Books By: Kames, Lord (Henry Home)

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Elements of Criticism

Elements of Criticism By Henry Home, Lord Kames
Edited and with an Introduction by Peter Jones

Natural Law and E...

Elements of Criticism is Kames’s most influential work. When it first appeared, in 1762, it was the most comprehensive philosophical work on “criticism” in English, and it was published in five editions during Kames’s lifetime and another forty editions over the next century. In America, Elements of Criticism served as a standard text for college students of English.

Essays on the Principles of Morality and Natural Religion

Essays on the Principles of Morality and Natural Religion By Henry Home, Lord Kames
Edited and with an Introduction by Mary Catherine Moran

Natural Law and E...

The Essays is commonly considered Kames’s most important philosophical work. In the first part, he sets forth the principles and foundations of morality and justice, attacking Hume’s moral skepticism and addressing the controversial issue of the freedom of human will. In the second part, Kames focuses on questions of metaphysics and epistemology to offer a natural theology in which the authority of the external senses is an important basis for belief in the Deity.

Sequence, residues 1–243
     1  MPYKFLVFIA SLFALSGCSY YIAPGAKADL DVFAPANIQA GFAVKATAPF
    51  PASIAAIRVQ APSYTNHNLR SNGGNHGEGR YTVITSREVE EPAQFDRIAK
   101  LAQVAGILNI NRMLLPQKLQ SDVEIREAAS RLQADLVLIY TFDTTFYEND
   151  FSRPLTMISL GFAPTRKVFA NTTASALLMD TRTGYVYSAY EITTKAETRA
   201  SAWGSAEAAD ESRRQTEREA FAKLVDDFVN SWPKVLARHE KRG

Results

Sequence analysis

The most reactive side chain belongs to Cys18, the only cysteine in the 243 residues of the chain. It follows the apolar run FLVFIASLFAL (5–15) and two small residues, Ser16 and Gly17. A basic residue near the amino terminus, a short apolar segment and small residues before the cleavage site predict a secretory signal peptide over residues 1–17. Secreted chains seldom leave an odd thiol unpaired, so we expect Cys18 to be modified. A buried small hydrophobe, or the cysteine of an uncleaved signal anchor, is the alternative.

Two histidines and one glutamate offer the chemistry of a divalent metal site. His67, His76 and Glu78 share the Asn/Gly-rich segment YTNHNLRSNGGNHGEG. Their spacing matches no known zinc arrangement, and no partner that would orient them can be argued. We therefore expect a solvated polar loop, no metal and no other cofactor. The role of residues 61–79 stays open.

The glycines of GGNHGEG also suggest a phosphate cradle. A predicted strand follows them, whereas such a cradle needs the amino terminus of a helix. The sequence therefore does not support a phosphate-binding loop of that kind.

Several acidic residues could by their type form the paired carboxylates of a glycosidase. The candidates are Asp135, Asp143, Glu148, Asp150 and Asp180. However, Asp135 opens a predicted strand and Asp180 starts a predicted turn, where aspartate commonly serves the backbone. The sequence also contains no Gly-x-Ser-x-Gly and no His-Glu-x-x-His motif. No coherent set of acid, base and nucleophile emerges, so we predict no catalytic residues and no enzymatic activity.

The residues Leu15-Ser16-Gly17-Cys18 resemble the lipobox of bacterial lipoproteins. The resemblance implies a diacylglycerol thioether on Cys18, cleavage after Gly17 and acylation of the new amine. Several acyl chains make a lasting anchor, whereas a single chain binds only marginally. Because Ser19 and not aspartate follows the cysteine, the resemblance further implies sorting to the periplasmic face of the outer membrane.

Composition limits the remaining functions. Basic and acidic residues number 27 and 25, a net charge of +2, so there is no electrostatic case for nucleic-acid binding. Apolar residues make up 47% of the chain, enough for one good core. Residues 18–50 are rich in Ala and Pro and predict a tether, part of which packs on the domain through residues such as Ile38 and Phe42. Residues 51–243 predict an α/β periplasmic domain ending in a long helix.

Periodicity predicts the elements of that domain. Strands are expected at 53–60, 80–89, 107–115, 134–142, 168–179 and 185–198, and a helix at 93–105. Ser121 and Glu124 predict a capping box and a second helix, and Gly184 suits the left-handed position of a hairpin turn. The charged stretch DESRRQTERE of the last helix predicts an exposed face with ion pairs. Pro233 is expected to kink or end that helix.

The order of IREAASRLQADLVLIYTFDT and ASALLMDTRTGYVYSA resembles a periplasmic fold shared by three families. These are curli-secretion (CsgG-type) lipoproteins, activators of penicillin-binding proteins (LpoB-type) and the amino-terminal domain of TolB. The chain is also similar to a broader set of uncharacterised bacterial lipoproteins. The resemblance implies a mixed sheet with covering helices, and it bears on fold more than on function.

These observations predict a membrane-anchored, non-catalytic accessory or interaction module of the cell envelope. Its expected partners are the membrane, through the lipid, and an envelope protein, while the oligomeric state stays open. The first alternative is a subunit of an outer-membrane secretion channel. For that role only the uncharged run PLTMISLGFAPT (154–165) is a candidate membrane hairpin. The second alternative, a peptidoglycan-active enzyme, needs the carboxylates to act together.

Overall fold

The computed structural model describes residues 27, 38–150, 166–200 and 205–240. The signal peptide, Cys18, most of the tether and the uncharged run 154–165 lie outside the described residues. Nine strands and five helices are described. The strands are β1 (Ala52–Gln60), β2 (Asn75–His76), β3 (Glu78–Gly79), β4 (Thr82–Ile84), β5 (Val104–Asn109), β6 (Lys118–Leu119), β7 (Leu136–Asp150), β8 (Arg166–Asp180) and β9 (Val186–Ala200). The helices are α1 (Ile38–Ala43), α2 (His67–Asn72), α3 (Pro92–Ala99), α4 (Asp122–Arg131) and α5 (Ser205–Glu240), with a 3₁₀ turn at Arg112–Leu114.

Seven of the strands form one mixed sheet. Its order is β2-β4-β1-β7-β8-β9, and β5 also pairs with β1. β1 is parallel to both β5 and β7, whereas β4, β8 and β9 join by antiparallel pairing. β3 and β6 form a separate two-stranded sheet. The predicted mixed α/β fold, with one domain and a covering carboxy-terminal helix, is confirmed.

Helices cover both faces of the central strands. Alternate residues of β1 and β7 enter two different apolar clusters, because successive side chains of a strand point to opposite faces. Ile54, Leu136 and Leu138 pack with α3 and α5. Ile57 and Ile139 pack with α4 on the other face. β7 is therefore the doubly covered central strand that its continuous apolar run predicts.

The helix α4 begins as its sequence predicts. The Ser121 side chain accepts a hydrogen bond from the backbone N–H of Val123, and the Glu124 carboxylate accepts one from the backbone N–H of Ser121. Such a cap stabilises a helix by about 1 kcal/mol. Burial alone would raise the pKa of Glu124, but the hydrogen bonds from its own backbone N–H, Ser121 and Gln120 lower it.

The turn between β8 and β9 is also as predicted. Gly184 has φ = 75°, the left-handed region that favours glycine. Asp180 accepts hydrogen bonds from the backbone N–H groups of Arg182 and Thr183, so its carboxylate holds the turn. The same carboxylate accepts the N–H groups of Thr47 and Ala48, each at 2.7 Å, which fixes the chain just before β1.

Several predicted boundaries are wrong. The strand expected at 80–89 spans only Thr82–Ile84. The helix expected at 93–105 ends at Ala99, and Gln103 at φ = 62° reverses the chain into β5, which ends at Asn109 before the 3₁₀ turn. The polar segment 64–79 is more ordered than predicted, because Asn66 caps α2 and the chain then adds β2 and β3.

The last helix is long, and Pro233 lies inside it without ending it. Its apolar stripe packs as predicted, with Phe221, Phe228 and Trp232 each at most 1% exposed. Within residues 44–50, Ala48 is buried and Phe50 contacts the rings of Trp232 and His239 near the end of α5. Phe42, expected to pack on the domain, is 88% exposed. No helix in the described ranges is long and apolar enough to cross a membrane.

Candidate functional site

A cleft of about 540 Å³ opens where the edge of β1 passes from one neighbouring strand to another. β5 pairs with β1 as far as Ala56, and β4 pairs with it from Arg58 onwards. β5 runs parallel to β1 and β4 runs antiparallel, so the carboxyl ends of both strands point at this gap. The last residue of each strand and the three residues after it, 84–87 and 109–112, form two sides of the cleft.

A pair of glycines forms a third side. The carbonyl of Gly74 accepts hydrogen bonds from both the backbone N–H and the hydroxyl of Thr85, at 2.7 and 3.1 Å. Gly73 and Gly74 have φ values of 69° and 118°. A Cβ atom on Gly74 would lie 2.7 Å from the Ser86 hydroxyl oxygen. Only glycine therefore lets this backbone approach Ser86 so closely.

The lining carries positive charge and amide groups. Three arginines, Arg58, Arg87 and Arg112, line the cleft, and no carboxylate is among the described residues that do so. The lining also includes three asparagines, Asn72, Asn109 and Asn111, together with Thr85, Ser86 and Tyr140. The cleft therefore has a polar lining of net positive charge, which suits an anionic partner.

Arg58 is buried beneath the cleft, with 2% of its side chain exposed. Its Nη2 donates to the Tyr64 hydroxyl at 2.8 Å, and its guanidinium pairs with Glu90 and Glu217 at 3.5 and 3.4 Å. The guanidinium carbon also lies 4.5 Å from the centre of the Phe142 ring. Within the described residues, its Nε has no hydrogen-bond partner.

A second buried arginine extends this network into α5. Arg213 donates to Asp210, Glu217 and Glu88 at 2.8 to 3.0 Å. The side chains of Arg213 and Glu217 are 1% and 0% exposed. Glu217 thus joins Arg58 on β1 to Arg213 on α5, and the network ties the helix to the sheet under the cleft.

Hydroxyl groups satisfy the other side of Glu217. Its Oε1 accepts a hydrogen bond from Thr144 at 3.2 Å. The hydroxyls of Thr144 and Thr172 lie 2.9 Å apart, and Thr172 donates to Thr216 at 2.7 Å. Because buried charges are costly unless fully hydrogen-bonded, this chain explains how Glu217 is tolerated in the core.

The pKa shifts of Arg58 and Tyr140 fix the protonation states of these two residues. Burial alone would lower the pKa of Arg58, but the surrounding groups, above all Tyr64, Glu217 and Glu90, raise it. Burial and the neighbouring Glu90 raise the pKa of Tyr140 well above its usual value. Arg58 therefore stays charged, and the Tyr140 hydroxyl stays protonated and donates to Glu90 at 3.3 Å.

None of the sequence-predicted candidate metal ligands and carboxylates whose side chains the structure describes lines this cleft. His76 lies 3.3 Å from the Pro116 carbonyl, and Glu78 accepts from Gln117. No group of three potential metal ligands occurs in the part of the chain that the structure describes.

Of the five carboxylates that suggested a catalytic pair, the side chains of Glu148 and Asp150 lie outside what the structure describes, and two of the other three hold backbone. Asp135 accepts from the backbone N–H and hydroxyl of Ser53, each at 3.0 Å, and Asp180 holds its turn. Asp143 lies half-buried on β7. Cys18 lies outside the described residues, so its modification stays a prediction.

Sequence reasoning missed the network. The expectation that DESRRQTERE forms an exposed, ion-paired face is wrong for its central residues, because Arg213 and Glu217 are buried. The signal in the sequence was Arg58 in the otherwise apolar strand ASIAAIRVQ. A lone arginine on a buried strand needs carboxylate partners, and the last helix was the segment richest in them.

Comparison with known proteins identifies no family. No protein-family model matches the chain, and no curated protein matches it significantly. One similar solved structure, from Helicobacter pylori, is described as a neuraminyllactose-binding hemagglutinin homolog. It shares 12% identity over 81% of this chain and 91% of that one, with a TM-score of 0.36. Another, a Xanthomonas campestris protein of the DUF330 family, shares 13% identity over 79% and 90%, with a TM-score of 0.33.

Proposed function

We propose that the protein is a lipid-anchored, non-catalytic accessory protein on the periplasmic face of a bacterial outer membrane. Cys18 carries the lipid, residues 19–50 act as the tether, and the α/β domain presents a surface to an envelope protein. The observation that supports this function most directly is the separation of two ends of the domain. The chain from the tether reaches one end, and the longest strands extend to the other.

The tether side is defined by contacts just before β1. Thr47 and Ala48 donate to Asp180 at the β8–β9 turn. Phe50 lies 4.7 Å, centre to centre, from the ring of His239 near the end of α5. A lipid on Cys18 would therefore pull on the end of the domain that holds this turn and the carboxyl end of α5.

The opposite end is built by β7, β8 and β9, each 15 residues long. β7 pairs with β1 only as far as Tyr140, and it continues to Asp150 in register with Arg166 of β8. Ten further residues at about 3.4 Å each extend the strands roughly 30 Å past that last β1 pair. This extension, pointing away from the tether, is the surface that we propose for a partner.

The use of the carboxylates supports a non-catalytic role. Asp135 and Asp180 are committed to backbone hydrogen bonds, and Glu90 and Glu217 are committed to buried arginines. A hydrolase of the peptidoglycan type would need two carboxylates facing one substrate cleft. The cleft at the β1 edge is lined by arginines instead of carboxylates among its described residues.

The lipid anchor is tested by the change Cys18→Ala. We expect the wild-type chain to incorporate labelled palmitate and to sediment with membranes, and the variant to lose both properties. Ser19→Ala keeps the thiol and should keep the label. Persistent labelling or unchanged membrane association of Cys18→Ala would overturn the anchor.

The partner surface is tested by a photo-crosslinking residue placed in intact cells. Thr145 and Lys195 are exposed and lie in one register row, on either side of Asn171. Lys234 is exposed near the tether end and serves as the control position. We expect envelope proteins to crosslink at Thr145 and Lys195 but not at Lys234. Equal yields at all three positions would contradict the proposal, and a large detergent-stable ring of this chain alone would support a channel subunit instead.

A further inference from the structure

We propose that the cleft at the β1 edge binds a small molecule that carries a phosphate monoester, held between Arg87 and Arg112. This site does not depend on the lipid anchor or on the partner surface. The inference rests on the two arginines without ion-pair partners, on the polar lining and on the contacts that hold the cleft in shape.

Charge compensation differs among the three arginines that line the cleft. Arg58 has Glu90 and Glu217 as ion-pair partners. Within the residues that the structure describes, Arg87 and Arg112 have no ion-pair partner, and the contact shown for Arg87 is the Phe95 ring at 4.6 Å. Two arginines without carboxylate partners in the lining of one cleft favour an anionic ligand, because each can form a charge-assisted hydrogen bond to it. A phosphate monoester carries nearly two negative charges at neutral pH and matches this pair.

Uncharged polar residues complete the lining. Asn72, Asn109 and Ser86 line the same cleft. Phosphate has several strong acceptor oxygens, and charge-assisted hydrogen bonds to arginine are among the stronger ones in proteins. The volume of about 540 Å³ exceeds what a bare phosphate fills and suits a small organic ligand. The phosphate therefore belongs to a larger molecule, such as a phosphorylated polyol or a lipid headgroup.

Principles of Equity

Principles of Equity By Henry Home, Lord Kames
Edited and with an Introduction by Michael Lobban

Natural Law and E...

Henry Home, Lord Kames, was the complete “Enlightenment man,” concerned with the full spectrum of human knowledge and its social use. However, as a lawyer and, after 1752, as a judge on the Court of Session in Edinburgh, he made many of his most distinctive contributions through his works on the nature of law and legal development.

Sketches of the History of Man

Sketches of the History of Man By Henry Home, Lord Kames
Edited and with an Introduction by James A. Harris

Natural Law and E...

Divided into three books, Kames’s Sketches of the History of Man draws together the concerns of many of his earlier works. The first book considers man in the private sphere, while the second explores man in the public sphere. The final book is an account of progress in the sciences of logic, morals, and theology. Throughout the entire work, Kames expounds on his fundamental hypothesis that, at the beginning of the history of the human race, savagery was ubiquitous and that the human story is one of an emergence out of barbarism and toward maturity.